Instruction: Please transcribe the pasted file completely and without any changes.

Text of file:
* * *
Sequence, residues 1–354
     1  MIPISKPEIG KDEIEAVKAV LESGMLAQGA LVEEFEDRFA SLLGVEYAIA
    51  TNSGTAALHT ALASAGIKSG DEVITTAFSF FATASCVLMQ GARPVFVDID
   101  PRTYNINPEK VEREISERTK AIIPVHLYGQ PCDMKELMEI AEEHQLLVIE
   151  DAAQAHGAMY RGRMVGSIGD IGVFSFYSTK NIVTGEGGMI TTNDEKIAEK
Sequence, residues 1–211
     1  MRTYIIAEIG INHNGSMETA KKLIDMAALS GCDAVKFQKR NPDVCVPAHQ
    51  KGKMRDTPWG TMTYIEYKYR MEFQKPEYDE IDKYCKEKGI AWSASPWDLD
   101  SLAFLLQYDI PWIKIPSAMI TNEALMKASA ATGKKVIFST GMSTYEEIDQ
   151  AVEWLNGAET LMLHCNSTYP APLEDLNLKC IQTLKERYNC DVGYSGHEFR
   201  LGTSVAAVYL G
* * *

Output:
Sequence, residues 1–354
     1  MIPISKPEIG KDEIEAVKAV LESGMLAQGA LVEEFEDRFA SLLGVEYAIA
    51  TNSGTAALHT ALASAGIKSG DEVITTAFSF FATASCVLMQ GARPVFVDID
   101  PRTYNINPEK VEREISERTK AIIPVHLYGQ PCDMKELMEI AEEHQLLVIE
   151  DAAQAHGAMY RGRMVGSIGD IGVFSFYSTK NIVTGEGGMI TTNDEKIAEK
Sequence, residues 1–211
     1  MRTYIIAEIG INHNGSMETA KKLIDMAALS GCDAVKFQKR NPDVCVPAHQ
    51  KGKMRDTPWG TMTYIEYKYR MEFQKPEYDE IDKYCKEKGI AWSASPWDLD
   101  SLAFLLQYDI PWIKIPSAMI TNEALMKASA ATGKKVIFST GMSTYEEIDQ
   151  AVEWLNGAET LMLHCNSTYP APLEDLNLKC IQTLKERYNC DVGYSGHEFR
   201  LGTSVAAVYL G